2009: Think Microbial

Happy New Year. I'm proclaiming 2009 the "Year of the Microbe."

By year's end, the Human Oral Microbiome Project is slated to identify and name the 600 varieties of microbes that reside in our mouths. That's in addition to the 1,000 species already identified in our guts. 
Tiny microbes are a huge part of us. Our bodies have 10 trillion cells of our own and 100 trillion microbes that call us their home. Our microbes weigh almost as much as our livers.
The DNA in our resident microbes contains 60,000 genes, double the amount of our own. That extra endowment of genes from microbes allows us to do things we couldn't do on our own. Scientists already know that microbes help us synthesize vitamins and break down fiber we can't digest. As knowledge emerges from microbiome studies, we'll likely discover that it's just the tip of the iceberg.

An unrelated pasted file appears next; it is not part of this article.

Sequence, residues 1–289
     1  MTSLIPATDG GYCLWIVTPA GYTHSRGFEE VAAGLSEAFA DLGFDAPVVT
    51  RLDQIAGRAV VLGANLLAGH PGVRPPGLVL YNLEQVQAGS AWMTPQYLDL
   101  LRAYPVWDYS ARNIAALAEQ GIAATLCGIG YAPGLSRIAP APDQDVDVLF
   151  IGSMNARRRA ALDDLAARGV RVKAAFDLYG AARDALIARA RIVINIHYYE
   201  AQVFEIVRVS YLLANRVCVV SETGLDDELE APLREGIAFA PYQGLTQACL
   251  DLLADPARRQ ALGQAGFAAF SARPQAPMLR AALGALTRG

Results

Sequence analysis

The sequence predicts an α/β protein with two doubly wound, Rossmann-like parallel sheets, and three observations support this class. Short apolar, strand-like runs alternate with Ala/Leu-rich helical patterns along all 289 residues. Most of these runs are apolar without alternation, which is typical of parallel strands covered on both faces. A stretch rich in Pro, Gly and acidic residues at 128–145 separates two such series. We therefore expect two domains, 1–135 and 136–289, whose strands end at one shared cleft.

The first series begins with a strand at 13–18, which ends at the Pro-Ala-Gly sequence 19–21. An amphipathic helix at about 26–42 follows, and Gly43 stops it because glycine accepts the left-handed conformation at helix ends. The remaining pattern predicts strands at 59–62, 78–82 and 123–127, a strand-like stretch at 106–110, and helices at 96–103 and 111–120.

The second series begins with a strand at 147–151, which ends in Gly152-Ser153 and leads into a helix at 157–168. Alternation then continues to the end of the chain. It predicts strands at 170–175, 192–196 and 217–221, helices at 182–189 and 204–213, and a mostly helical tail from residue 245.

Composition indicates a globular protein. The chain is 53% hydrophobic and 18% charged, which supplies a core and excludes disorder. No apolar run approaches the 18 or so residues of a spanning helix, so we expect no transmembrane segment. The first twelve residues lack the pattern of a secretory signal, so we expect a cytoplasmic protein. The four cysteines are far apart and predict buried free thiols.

In the future, medicine may very well analyze and work in cooperation with our resident microbes to influence our health and heal our disease. In 2009, we can learn from the success of our own microbiome.
Challenging times and dwindling resources demand new approaches. Let's think microbial. If our organizations take smaller, well-planned steps and harness the power of interdependence, we can accomplish great things. Our 100 trillion microbes can't be wrong. 
—Tom DeSanto
Source: "Life on Man," Alun Anderson, The World in 2009 from The Economist, Image: www.genome.gov

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